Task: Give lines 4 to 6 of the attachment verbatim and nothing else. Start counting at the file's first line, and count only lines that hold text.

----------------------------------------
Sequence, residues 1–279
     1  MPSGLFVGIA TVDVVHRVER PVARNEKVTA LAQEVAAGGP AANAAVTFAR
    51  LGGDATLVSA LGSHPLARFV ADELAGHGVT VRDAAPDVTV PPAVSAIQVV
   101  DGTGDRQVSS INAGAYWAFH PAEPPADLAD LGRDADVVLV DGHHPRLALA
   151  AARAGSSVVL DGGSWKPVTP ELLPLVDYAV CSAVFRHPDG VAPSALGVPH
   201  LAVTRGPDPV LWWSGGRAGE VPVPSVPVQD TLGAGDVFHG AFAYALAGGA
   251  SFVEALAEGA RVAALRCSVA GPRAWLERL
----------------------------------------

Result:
   101  DGTGDRQVSS INAGAYWAFH PAEPPADLAD LGRDADVVLV DGHHPRLALA
   151  AARAGSSVVL DGGSWKPVTP ELLPLVDYAV CSAVFRHPDG VAPSALGVPH
   201  LAVTRGPDPV LWWSGGRAGE VPVPSVPVQD TLGAGDVFHG AFAYALAGGA